Most patients believe complaining about their care will not make a difference, but taking patient feedback seriously is essential in a post-Mid Staffordshire world, says Bernie Cuthel of Liverpool Community Health Trust
Transparency, honesty and courage are vital ingredients in creating a culture that listens and responds to patients’ views. Here at Liverpool Community Health NHS Trust, we are determined to deliver on our promise to put patients’ experiences at the heart of our progress and to learn from mistakes we make.
Earlier this year, the NHS Ombudsman claimed NHS leaders are failing to listen to and learn from patient complaints. It added that the Mid Staffordshire scandal was not an isolated case: over 64 per cent of patients did not believe complaining could make a difference.
This is clearly wrong, but “acceptance of the unacceptable” has become the norm among some NHS boards and it is behaviour we must challenge.
‘Engagement activities include monthly “Breakfast with Bernie” meetings, where frontline staff can discuss with me any issues they have’
For meaningful change to take place across any organisation, the lead has to come from the top, which is why two years ago we decided to improve our direct contact with the people we serve and we now invite patients to join our board meetings to share with us their personal stories.
Furthermore, as board papers are public documents, patient feedback is now readily available to everyone. This quite rightly places the onus on the board to ensure complaints are effectively tackled.
Leaving the comfort zone
The decision to put board members in contact with patients was at times uncomfortable and a challenge to the usual closed door scenario with which we are all more familiar. But we were prepared to accept this in order to truly understand our patients’ experiences and listen to their stories.
These experiences are often harrowing to hear, but this is the point: you have to listen to understand their experiences before you can act effectively, as a board, to improve outcomes for people in our care.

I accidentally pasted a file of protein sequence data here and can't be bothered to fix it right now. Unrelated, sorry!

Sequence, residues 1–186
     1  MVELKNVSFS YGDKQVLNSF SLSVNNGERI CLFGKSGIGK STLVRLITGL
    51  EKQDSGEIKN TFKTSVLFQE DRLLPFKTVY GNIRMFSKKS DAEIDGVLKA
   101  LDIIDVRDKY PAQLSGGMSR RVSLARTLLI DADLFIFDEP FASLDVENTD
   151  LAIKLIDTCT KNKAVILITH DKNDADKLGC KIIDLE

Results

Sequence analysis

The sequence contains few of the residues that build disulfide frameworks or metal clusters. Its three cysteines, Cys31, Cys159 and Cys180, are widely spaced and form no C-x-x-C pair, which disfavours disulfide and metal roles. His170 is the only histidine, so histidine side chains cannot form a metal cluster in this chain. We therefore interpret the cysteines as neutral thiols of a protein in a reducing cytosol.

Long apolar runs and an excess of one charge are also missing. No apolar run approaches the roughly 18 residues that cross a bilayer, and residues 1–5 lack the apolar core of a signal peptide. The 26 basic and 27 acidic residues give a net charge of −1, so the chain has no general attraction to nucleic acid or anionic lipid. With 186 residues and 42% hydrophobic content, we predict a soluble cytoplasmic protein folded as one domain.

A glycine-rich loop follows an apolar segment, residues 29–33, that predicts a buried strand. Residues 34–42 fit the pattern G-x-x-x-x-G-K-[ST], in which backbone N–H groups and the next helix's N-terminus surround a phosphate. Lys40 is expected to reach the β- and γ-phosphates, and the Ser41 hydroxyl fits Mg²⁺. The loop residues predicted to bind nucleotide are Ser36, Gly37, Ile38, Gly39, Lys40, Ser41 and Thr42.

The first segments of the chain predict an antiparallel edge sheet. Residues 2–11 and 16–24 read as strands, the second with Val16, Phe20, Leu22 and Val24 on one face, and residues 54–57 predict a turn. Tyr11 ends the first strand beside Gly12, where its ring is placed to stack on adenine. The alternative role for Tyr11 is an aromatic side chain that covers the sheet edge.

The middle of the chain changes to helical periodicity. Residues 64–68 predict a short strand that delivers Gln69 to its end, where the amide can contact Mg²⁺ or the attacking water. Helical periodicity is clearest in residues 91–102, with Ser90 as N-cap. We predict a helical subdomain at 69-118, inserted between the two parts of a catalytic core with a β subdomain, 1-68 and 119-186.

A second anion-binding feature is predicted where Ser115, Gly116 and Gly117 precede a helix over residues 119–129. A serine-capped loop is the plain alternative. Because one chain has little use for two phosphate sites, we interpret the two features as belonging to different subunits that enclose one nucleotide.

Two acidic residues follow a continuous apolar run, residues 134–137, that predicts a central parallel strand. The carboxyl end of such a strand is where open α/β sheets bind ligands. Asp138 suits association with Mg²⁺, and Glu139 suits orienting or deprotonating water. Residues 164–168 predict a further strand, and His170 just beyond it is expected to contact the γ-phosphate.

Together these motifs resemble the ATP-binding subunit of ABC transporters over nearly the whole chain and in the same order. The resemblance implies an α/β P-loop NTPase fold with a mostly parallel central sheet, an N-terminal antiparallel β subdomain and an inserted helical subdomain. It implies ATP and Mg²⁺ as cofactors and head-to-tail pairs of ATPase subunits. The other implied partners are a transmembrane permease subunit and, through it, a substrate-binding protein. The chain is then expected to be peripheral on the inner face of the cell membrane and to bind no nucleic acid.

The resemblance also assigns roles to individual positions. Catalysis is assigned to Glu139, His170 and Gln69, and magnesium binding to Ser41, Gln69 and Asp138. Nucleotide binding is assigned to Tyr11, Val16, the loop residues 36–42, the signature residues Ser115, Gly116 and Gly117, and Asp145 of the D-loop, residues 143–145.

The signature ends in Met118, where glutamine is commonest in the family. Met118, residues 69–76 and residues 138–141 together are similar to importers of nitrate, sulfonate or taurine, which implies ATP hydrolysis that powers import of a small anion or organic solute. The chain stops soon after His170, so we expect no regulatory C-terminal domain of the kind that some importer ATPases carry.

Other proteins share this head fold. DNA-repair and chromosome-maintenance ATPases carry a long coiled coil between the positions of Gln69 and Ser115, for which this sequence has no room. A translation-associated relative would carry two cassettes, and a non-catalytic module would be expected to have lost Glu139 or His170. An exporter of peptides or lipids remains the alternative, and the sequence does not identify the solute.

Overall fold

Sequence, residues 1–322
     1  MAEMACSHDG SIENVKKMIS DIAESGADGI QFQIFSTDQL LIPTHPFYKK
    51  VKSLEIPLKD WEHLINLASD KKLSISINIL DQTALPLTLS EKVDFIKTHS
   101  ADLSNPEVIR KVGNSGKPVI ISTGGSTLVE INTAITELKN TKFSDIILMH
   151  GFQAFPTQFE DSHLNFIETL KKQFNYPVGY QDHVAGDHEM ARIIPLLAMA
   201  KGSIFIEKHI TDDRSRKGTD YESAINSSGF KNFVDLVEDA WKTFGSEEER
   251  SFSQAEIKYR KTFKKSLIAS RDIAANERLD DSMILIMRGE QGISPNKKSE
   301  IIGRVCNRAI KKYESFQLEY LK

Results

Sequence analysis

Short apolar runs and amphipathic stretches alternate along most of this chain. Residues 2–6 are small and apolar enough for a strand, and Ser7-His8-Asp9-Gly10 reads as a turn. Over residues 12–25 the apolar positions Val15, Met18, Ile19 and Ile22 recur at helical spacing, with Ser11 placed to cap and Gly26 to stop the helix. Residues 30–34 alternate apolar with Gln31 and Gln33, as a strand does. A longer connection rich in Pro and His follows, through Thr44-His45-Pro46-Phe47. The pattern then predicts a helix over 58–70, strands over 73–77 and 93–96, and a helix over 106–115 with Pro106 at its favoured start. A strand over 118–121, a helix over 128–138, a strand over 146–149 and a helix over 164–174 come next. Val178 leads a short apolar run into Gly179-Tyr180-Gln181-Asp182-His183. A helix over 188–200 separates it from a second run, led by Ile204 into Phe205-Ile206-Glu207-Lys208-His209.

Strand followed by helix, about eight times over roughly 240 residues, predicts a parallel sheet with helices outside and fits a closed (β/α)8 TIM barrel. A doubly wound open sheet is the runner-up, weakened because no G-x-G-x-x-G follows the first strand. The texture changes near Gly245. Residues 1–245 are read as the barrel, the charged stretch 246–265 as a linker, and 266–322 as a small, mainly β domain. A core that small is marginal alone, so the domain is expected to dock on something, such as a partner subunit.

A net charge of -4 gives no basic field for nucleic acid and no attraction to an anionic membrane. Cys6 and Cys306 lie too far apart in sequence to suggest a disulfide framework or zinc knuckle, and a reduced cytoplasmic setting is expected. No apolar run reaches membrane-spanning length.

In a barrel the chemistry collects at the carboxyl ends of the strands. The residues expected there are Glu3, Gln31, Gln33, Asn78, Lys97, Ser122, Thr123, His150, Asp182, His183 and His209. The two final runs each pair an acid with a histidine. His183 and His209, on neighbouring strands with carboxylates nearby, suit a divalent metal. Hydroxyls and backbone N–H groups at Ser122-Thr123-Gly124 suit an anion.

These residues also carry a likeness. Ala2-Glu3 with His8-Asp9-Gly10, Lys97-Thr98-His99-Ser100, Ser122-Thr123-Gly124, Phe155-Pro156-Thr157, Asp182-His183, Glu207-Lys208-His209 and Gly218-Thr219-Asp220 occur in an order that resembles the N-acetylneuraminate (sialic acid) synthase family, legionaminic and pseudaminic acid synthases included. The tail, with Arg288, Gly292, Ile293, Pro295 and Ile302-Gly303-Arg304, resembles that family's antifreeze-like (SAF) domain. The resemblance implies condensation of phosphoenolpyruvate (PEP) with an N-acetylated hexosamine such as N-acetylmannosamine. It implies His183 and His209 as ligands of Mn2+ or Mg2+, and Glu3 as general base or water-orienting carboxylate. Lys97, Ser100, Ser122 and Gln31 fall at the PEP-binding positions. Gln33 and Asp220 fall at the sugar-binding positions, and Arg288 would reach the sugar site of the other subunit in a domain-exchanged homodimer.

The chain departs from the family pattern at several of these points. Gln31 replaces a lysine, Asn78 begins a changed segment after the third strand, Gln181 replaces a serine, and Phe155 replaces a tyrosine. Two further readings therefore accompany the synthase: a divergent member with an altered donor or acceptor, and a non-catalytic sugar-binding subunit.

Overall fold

‘Measures include going back to the floor and speaking with staff and patients to see if progress reports presented at board meetings are being realised’
Effective processes and systems were put in place to ensure we meaningfully resolved these complaints by identifying to patients and staff the problem, solution and progress being made. This has involved a series of regular staff and patient engagement activities.
These include monthly ‘Breakfast with Bernie’ meetings, where frontline staff can discuss with me any issues they have and question how the board is meeting current and potential challenges.
Other measures include going back to the floor and speaking with staff and patients to see if progress reports presented at board meetings are being realised. It is also to check if there are any blocks in the system preventing tangible change from taking place.
We now also publish feedback from board member visits to services. This feedback includes details of any concerns and the views of staff and patients. It also provides the board with key information about improvements or actions required, as well as positive observations and insights.
Remarkable work to tackle pressure ulcers is one example of how improving board behaviour is leading to real results for patients, with the trust bucking the national trend in this area. In 2012-13, there were four recorded cases of grade 4 community acquired and avoidable pressure ulcers, which is a reduction of 64 per cent compared to the 11 cases recorded in 2011-12.
It takes a great deal of courage for patients to tell us about occasions when we might have failed them. Having an open and transparent relationship is key to tackling what the health ombudsman, Dame Julie Mellor, rightly refers to as a “defensive” response when many boards are confronted with service failure.
Bernie Cuthel is chief executive at Liverpool Community Health Trust